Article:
Possible to Damage Components with DMM (Ohms Setting)?

Discussion in 'General Electronics Chat' started by van53, Jun 22, 2016.

  1. van53

    Thread Starter Member

    Nov 27, 2011
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    Hello,

    I have a question with regards to measuring continuity using a DMM ohms setting on a non powered circuit board. I read the following here:

    "Avoid: Any other kind of continuity tester for PCB work. Never use the Ohms, Diode or Beeper function on your DMM to measure continuity on a circuit board!" http://pdp-8.org/tools.html

    The above site recommends to use a zero beeper such as this one:
    http://www.jensentools.com/stanley-supply-services-zero-current-audible-continuity-tester/g/1214

    The above linked tool indicates there is zero current through semiconductors and it is "CMOS SAFEST".

    I also read here that "It is possible to damage semiconductors when using an ohmmeter to test them."

    Am I correct to understand that if I use my DMM ohms setting to measure continuity on a circuit board (such as to check if a trace is broken), there is a possibility that components such as semiconductors (e.g. CMOS ICs) could get damaged? Would you consider it worth it to buy the above tool for measuring continuity on circuit boards (esp. those of 70s/80s vintage) instead of using a DMM?

    Thank you
     
  2. Hypatia's Protege

    Distinguished Member

    Mar 1, 2015
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    Although theoretically possible it is most unlikely! -- Definitely avoid passive analog VOMs (high test current) and VTVMs (higher test EMFs) -- Moreover, remain ever vigilant as regards ESD!

    Source: Decades of uneventful experience!:)

    Best regards
    HP:)
     
    Last edited: Jun 22, 2016
  3. OBW0549

    Well-Known Member

    Mar 2, 2015
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    Same here. I've been doing continuity measurements with DMMs for as long as they've been commercially available and have never experienced component damage of any sort.
     
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  4. MaxHeadRoom

    Expert

    Jul 18, 2013
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    The quote is from a page entitled PDP-8!!
    I actually worked on a few PDP-8's and do not remember taking any extra precautions of the type mentioned?
    Max.
     
  5. dl324

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    Mar 30, 2015
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    In my 40+ years of using analog and digital multimeters, I've never damaged a component with them. My old RCA analog used a battery around 30V for some of the resistance ranges.
     
  6. van53

    Thread Starter Member

    Nov 27, 2011
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    Thank you everyone for the reassurance. I found it odd that several books also caution about damage to semiconductors by ohmmeters:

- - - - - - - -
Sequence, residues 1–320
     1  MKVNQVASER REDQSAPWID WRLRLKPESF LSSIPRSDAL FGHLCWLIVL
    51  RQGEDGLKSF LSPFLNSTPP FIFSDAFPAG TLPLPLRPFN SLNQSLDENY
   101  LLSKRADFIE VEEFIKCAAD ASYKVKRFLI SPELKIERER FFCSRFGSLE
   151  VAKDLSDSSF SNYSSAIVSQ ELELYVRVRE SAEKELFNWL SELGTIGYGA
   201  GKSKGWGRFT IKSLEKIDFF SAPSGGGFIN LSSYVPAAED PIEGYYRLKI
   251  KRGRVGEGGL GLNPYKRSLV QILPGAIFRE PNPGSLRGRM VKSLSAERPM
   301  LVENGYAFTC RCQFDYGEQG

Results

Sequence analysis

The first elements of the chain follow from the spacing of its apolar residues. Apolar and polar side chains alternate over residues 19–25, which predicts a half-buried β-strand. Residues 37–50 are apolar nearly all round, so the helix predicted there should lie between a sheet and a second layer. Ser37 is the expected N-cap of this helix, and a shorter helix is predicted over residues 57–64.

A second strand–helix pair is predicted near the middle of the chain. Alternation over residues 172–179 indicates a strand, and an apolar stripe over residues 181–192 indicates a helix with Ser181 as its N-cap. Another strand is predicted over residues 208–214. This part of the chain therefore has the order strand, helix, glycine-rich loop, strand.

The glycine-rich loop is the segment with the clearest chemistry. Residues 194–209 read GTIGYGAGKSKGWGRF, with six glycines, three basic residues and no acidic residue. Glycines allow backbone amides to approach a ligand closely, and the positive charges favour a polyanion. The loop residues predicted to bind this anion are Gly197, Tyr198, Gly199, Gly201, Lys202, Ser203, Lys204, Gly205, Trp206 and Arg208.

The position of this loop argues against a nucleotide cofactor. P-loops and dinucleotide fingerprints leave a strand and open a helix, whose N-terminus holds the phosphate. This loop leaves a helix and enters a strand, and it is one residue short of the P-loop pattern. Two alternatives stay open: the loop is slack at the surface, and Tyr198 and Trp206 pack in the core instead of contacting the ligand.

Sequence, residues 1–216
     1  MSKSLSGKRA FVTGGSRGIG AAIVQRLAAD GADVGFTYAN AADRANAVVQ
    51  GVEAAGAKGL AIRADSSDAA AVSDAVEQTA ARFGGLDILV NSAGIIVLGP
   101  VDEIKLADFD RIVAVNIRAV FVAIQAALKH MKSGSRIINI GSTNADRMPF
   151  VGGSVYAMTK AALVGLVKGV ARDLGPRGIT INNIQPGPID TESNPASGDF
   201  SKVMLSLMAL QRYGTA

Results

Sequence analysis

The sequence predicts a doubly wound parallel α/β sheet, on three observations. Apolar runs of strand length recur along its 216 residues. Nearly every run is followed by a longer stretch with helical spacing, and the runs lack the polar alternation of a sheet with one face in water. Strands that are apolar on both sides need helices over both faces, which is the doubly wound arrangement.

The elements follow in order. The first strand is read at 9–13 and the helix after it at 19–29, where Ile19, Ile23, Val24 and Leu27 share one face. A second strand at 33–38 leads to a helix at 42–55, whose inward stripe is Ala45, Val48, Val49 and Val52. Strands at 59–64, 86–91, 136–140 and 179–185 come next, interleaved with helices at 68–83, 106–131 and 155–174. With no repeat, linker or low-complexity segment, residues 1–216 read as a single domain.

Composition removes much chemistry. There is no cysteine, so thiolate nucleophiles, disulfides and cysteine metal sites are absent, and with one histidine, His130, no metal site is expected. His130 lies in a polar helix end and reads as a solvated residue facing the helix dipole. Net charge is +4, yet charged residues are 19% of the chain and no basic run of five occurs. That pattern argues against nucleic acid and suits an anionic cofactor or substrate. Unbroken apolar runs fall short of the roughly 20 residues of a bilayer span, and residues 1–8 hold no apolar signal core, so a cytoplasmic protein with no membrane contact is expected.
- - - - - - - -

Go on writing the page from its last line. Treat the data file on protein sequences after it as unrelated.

Introduction to Electronics, pg 75:
    "First ensure that there are no components in the circuit that may be damaged by the current flow from the ohmmeter."
    EDIT: the book goes on to say: "Unlike the VOM, the DMM uses very little current to test resistances. This allows the testing of semiconductor junctions."

    Fundamentals of Medium-Heavy Duty Commercial Vehicle Systems, pg 312:
    "Semiconductor circuits and sensors should not be checked with an ohmmeter, as the meter current may damage the device"

    Linear IC Applications: A Designer's Handbook, 342:
    "Diodes and small transistors can be damaged by ohmmeter currents."

    Troubleshooting Electronic Equipment, pg 193:
    "Do not use an ohmmeter scale that has a high internal current. High currents may damage the diodes under test"

    ===

    I am guessing these statements are of more importance to those use analog meters as mentioned by HP above.
     
    Last edited: Jun 22, 2016
  7. dl324

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    If you're unsure of what you're doing, rely on the diode check function on your DVM for checking semiconductor junctions.

    I've used a continuity checker consisting of 2 AA batteries and an incandescent bulb to check diodes for decades and have never damaged a transistor junction. I started doing this before DVM's had diode check functions and continue to use my continuity checker because I can see if the junction is normal, open, or shorted without looking away from the component I'm testing.

    However, be careful when working on high frequency transistors. They're more expensive and more easily damaged.
     
  8. WBahn

    Moderator

    Mar 31, 2012